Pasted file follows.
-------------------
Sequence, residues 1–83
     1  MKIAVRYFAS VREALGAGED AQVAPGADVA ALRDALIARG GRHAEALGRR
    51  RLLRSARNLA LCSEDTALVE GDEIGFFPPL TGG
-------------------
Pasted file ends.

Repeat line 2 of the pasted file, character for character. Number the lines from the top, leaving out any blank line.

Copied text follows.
     1  MKIAVRYFAS VREALGAGED AQVAPGADVA ALRDALIARG GRHAEALGRR